September News!!

We finally got a soft serve machine!

Thanks to Kina’s tireless efforts now you can enjoy our delicious new Japanese style genmai vanilla sofuto creamu, swirled into sundaes with strawberries, sesame and butterscotch, granola and a cherry on top…

Unbelievably exciting!!! (finally!!!)

Kotori at the opening night of TBA!

We’re excited to announce that Kotori will be PICA’s Time-Based Art Festival’s opening night pop-up restaurant. We are going to serve favorites from the sumibiyaki grill alongside some Biwa and Noraneko classics from 8:30PM until 1:00AM at PICA’s new home at 15 NE Hancock.

From September 08–18, 2016, TBA will activate the city of Portland with contemporary art projects that bring artists and audiences together, creating a vibrant community through live performances, music, screenings, workshops, talks, and visual art installations.

We’re thrilled to be there on opening night, at PICA’s new home no less, and hope you will please join us!

 Photo by Heather Hawksford

Photo by Heather Hawksford

Shazi’s Persian Corn Recipe!

The inimitable Shazi at Noraneko told us about a super simple and wonderful way with corn on the cob. It is all that Gabe and Kina eat on their days off lately, and we have been serving it at Kotori to great acclaim!

It’s comically easy:

Light a pile of charcoal and let the flame die down and the embers get nice and hot. Shuck some corn on the cob—as many pieces as you want—and place them directly in the coals. Cook until charred, blistery, delicious and covered with ashes and stuff. Remove from coals and rinse all of the stuff off of them in a bowl of really salty salt water (a little saltier than sea water) and enjoy. We have been eating it just like this, and find it intensely satisfying, but we suppose that you could butter them before serving and it wouldn’t be that bad (we haven’t tried yet…) Let us know!

Posole Ramen, Kimchi Tamales, and More!

An Interview with Gabe and Noraneko’s New Chef Carl!

 Chef Carl and the Biwa Double burger at Noraneko

Chef Carl and the Biwa Double burger at Noraneko

We have a new chef! Carl Krause is a graduate of the prestigious Culinary Institute of America (CIA) and has worked at exciting restaurants in Hawaii, Chicago, and Boston before choosing Portland as his home. Last summer he ran our open-air fantasy chicken snack world, Kotori (more to come on that soon!). After a stint with the nice folks at Nomad, he’s now back in our family as chef of Noraneko.

Some compelling outtakes from Gabe’s interview with Chef Carl…

Gabe: What’s your favorite food?
Carl: Don’t ask me that.

Gabe: How do you like your Italian beef?
Carl: Dipped, obviously.

Gabe: What’s your dream job?
Carl: This is my dream job.

Gabe: Who do you think it would be really cool to have worked for?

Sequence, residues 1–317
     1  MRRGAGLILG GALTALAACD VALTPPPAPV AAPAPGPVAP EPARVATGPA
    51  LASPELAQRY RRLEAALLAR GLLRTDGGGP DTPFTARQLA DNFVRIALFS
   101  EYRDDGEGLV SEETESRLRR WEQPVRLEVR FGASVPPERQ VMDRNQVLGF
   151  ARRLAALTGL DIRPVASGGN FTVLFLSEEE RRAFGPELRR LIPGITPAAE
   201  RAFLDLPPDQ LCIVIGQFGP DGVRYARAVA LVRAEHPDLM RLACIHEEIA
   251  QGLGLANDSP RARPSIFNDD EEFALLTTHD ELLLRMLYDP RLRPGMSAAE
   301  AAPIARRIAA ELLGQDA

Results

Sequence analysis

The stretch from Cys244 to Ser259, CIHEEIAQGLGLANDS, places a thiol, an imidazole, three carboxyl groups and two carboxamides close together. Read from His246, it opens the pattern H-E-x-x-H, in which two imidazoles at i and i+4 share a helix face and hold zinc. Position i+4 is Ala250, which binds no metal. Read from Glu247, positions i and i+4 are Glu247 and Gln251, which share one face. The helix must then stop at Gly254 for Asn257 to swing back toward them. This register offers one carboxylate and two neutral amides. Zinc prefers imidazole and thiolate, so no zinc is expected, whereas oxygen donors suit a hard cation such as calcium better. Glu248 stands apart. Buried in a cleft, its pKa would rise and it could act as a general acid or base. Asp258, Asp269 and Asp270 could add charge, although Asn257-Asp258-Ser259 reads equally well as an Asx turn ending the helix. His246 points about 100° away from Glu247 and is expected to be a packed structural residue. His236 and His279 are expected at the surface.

Carl: Marco Pierre White.

Gabe: You’re a glutton for punishment, aren’t you?
Carl: Yes.

Also, Chef Carl is an avid gardener who enjoys the delicious Vietnamese restaurants of his new home turf in the Jade District AND he is already bringing fun vibrations to the menu at Noraneko like the curry ramen AND…


Introducing the Noraneko Sandwiches!

At Noraneko we are very inspired by the great 90s-era Portland casual spots like, Dot’s, The Roxy, Escape From New York, etc, that Gabe ate at all the time with John and Donnie and company when he first moved to town and was still real skinny.

To us these places are fun, alternative diners where you can hang out with your friends late at night (maybe intoxicated) and eat and have good times and listen to music and stuff... possibly go home and play video games after… They are the magical intersticial space between bars and restaurants that are at the heart of what we seek at Noraneko, in the guise of a ramen shop.


We like eating ramen in the summer, but we realize that maybe you don’t and anyway we thought that some nice sandwiches would be a good way to round out the menu (and would kind of be our version of soup and sandwich at the diner.)

Gabe has also been obsessing a little over veggie burgers and bratwurst lately, and the cooks keep making these sandwich experiments so we went for it, made the big jump and brought in a heavy hitter from the suburbs of Chicago (Chef Carl) to make us some real sandwiches…


midwest bratwurst
homemade duluth-style (ask nick & jamie)

future burger
trendy veggie burger with traditional
burger stuff and our secret special sauce

torta katsu
delicious pork cutlet with chipotle katsu
sauce, avocado, & pickled peppers

biwa double
two all beef patties,the sauce, lettuce,
cheese, pickles, fermented onions

karaage banh mi
special recipe fried chicken tossed in